Tuesday, March 12, 2013

Review: How to Save a Life by Sara Zarr

Title: How to Save a Life
Author: Sara Zarr
Publisher: Little, Brown Books for Young Readers
Release date: October 30th 2012
Pages: 341
Genre: Contemporary YA
Source: Bough
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Jill MacSweeney just wants everything to go back to normal. But ever since her dad died, she's been isolating herself from her boyfriend, her best friends--everyone who wants to support her. You can't lose one family member and simply replace him with a new one, and when her mom decides to adopt a baby, that's exactly what it feels like she's trying to do. And that's decidedly not normal. With her world crumbling around her, can Jill come to embrace a new member of the family?
Mandy Kalinowski knows what it's like to grow up unwanted--to be raised by a mother who never intended to have a child. So when Mandy becomes pregnant, she knows she wants a better life for her baby. But can giving up a child be as easy as it seems? And will she ever be able to find someone to care for her, too?
My rating: 5 out of 5 stars

Sara Zarr is one of my all-time favorite authors, and How to Save a Life proved to me once again why. It's so full of emotions, equal parts love and tragedy. It's real, honest, and beautiful, and I loved it.

What's best about this book are, of course, the characters. Neither Jill nor Mandy are easy to like, but that's because they're real - we are right inside their heads, and like with real people, we don't always like what we see. Jill is - she's a bitch, it's that simple. She has amazing people in her life, but she's angry, and she's treating everyone who's trying to help her like crap. There were so many scenes where I just wanted to slap her, but in the end, I did grow to love her. Ever since her dad's died, she's been angry and insecure, lashing out at everyone around her. But once her vulnerability started to show, I wanted to take her into my arms and never let her go.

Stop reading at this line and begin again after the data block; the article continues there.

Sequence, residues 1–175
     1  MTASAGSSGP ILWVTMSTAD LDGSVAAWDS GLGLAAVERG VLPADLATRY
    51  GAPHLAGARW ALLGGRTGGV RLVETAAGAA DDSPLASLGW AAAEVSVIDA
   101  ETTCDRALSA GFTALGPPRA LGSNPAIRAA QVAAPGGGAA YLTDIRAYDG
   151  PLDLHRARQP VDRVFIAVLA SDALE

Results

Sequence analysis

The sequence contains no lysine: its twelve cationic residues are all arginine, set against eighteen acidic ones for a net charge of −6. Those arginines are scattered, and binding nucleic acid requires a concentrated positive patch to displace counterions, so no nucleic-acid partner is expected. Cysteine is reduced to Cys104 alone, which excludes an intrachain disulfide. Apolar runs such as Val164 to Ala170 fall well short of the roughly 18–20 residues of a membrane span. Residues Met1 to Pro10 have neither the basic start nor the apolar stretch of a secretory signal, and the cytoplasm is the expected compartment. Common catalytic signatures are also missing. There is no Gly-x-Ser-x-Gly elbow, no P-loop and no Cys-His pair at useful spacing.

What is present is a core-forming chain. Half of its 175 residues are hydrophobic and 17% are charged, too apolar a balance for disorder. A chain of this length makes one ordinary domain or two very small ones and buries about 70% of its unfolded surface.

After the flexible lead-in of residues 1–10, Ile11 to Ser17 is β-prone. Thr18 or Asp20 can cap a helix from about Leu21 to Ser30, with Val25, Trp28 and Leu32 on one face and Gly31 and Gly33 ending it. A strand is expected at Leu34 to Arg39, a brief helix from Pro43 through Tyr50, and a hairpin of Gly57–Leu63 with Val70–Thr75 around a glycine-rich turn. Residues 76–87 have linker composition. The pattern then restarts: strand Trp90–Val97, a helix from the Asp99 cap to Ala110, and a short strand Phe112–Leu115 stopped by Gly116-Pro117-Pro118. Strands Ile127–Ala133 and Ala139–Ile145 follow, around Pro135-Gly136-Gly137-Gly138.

Mandy is a character completely different from Jill; Sara Zarr did a great job distinguishing these two voices from one another. Mandy is unlike any character I've ever read about; I don't even know how to describe. She's naive, innocent, and vulnerable in a way that made me simultaneously want to cry at the horror of what she's been through, slap everyone that hasn't been there for her, and - like with Jill - take her into my arms and never let her go. There is something about her innocent way of seeing the world that is both heartbreaking and beautiful.

I love how much How to Save a Life focuses on family - I always appreciate when the rare YA book addresses that. But this novel isn't just about family in the biological sense; in the author's note, Sara Zarr talks about the recurring theme in her books of family made up of the people you choose to be close to, and it's apparent in How to Save a Life that she succeeded in communicating this message. I love the way the characters grow together in this novel; the way the relationships develop is honest and real, and it's simply beautiful to read about. Especially the ending made me want to laugh and cry and just live, all at the same time. How to Save a Life just made a complete mess of my emotions.

I don't even know what to say; this is simply an amazing book. Evocative in really any emotion you could think of, with simple but stark writing and rich and unique characterization, How to Save a Life is a new favorite of mine. I can't recommend it enough.


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